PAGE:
If I understand this Minneapolis Tribune piece correctly, if you were as big as a kitten, a mosquito bite would kill you. Which can't have been good news for underweight infants of the 1870s. But it does hint at why the Metropolitan Mosquito Control District began dousing the Twin Cities with fuel oil and DDT nearly a century later.
HOW MOSQUITOES BITE.
The mosquito has a proboscis like an elephant, only not so large. It will, however, look nearly as large under a good microscope. He cannot do so many handy things with it as the elephant can, with his, but he can cause a good deal of annoyance with it in a small way.
It is hardly the thing to say that the mosquito bites us, for he has not teeth. The microscope reveals the fact that he carries a pair of scissors inside of his proboscis; the neatest and sharpest little cutting tools you ever saw. He gets his living by these. They are two delicate little blades, and are placed alongside each other. When he is ready to make a meal off of us, he first buzzes around with those beautiful wings and sings a pleasant little song. If we let him quietly settle down, he picks out a place on our skin which is just to his liking. He is very delicate about it. When he gets ready, he puts his proboscis down, and pushes the little scissors out, and makes a neat cut, so that he can suck the blood out.
Then he drinks as much blood as he wants, and he is done with his dinner, but he does not leave yet. He is going to pay his bill. He has taken our blood, and he will leave us something in exchange for it. With all his faults, he is an honest little fellow – after his fashion. He has the pay in his pocket, ready to squeeze out before he goes. It is poison, but that makes no difference to him. It is the best he has to give us. His poison pocket is at the head of his proboscis, and at the lower end of his proboscis he has another little pocket, into which he puts poison enough for one dose.
This poison is very powerful. A very little makes the place where the mosquito puts it very sore. After he has sucked our blood he puts the drop of poison into the place he took the blood from. It is not the bite or cut that the mosquito makes that hurts us, but the dropping of this powerful poison into our flesh. If this mosquito were large enough to give a powerful dose of this poison, it would be bad for us. If we were as big as a kitten, and his poison as strong in proportion, a “bite” from him would kill us.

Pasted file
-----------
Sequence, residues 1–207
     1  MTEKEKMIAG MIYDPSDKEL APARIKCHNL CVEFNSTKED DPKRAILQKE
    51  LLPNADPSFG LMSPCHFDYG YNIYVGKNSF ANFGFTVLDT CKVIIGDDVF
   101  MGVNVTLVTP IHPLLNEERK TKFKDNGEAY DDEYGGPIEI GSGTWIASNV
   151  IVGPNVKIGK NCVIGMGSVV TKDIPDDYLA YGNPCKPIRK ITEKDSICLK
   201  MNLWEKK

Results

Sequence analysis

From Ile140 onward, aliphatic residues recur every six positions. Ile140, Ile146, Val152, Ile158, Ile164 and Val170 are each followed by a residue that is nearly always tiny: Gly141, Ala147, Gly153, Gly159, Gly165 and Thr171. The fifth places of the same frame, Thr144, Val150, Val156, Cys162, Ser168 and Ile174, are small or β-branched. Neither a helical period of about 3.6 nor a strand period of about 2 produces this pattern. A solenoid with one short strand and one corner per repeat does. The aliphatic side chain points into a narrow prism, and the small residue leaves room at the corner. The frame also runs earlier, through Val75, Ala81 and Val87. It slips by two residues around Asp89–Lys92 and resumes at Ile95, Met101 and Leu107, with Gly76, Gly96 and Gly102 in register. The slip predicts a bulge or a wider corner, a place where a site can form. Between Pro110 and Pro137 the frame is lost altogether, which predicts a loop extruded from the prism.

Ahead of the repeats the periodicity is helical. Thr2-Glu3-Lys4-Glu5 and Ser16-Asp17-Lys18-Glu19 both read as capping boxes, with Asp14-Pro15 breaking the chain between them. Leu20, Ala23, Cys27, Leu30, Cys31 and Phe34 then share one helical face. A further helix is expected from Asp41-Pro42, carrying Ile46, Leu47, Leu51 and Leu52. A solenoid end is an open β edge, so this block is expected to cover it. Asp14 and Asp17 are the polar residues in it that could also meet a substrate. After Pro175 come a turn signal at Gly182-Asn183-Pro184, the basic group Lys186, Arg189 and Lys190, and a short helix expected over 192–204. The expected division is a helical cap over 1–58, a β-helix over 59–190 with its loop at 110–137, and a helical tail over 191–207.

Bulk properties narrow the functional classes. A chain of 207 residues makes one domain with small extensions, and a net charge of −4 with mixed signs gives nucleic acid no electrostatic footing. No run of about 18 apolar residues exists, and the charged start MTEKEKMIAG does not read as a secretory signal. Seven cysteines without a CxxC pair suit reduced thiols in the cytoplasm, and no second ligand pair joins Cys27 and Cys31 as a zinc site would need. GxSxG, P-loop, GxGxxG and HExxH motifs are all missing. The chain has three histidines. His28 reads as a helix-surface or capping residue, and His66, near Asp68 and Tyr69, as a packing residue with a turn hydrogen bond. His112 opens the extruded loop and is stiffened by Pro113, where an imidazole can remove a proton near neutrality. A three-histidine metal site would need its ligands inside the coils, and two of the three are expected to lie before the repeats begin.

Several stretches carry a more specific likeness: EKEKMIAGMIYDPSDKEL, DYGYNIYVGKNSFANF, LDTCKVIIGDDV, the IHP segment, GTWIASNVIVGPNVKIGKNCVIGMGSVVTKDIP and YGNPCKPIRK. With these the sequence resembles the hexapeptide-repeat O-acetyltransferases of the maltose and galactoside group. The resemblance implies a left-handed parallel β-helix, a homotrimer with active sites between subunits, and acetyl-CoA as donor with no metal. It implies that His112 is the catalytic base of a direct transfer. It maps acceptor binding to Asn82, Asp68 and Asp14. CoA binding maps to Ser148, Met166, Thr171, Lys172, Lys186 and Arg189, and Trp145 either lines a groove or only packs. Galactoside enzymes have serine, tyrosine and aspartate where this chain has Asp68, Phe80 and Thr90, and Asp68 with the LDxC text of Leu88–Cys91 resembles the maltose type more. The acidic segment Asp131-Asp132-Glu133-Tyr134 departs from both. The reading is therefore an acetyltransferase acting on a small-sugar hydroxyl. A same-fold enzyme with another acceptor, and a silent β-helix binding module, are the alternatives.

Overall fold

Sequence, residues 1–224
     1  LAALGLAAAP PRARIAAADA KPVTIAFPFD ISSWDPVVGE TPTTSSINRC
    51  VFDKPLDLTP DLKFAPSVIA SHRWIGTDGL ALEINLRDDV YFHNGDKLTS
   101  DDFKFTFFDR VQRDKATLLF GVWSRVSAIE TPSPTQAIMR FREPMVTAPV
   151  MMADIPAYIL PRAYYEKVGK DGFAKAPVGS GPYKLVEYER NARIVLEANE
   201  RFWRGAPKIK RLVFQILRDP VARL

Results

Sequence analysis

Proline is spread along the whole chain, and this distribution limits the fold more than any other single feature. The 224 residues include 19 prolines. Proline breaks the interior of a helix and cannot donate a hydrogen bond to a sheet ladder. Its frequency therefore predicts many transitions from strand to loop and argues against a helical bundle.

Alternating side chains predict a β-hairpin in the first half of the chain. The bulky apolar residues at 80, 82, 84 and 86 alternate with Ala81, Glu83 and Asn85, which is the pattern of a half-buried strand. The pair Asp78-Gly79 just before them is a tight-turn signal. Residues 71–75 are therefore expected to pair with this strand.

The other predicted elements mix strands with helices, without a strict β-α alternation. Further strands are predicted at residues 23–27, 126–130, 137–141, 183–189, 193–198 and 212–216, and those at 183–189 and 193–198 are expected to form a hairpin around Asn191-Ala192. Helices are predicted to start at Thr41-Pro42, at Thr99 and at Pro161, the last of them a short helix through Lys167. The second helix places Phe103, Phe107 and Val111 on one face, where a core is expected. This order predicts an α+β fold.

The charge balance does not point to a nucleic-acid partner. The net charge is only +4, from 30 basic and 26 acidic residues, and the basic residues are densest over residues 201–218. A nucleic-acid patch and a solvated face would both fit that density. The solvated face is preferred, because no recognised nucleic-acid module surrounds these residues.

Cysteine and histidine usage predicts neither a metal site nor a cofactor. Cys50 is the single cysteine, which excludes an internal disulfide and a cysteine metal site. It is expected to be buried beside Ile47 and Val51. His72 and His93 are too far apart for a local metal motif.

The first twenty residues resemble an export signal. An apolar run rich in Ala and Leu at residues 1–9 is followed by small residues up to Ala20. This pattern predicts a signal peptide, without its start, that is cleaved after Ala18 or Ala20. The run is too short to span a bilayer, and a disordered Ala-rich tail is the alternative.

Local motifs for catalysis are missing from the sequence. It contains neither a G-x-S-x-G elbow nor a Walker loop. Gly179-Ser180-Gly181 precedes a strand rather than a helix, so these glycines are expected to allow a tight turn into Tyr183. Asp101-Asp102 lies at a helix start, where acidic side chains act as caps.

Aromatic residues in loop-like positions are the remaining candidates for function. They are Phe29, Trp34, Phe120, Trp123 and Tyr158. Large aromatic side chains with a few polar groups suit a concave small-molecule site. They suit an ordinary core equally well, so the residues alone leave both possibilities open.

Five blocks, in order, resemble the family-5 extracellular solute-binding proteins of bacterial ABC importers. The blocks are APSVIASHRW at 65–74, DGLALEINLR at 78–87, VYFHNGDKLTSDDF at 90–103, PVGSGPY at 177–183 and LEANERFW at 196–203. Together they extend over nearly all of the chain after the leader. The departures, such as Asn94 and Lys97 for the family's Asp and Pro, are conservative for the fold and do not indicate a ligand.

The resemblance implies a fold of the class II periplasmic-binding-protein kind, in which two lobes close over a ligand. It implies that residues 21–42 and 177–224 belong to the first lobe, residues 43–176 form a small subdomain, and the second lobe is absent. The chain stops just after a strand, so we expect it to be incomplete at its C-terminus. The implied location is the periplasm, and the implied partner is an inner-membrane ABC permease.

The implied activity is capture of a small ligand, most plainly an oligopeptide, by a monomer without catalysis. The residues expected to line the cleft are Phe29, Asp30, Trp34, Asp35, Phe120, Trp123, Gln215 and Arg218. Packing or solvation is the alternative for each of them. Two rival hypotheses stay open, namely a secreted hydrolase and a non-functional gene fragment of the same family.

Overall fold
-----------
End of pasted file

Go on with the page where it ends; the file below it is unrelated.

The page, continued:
The Metropolitan Mosquito Control District has been taking it to our unofficial state bird since 1958. It’s not clear what Kenneth Shoberg, above, was spraying on a swampy patch of land near Hwy. 7 and W. Lake Street in St. Louis Park in April 1965. But until 1968, the agency applied hundreds of thousands of pounds of DDT each year to breeding sites around the metro area. The United States banned the pesticide four years later. The agency now relies on such insecticides as permethrin and on bacillus thuringiensis israelensis, a naturally occurring bacterium that destroys the mosquitoes’ digestive tracts. Take that, you little buggers. (Minneapolis Tribune photo by Russell Bull)
After serving in the military during World War II, "two fighting Irishmen" from St. Paul, Ed and Bert Cochran, engaged in a war on mosquitoes in the Twin Cities. In 1949, homeowners paid $40 for a DDT treatment every six or seven days from May 1 to Oct. 1. Here Ed Cochran gave the Cedar Shores community a thorough taste of the insecticide. (Minneapolis Star photo)
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Miss Louisa M. Alcott died this morning. Coming so soon after the death of her father, the suddenly announced death of Louisa M. Alcott brings a double sorrow. For a long time Miss Alcott has been ill, suffering from nervous prostration. Last autumn she appeared to be improving and went to the highlands to reside with Dr. Rhoda A. Lawrence. While there she drove into town to visit her father, Thursday, the 1st, and caught a cold, which on Saturday settled on the based of the brain and developed spinal meningitis. She died at the highlands early this morning. Miss Alcott was born on an anniversary of her father's birthday, and it is singular that she should have followed him so soon to the grave.
Have you read "Canoeing With the Cree," Eric Sevareid's engaging account of his 1930 canoe trip from Minneapolis to Hudson Bay? Sevareid, 17, and a 19-year-old friend paddled more than 2,200 miles that summer. A few decades earlier, another 17-year-old boy from Minneapolis and two friends set out on a canoe adventure that was nearly as ambitious.
The Minnesota State Fair has featured many unusual attractions in its 150-year history: death-defying aerial acts, colliding locomotives, freak shows, live animal births, the Minnesota Iceman and premature babies in incubators. Wait … what? The Minneapolis Morning Tribune was there: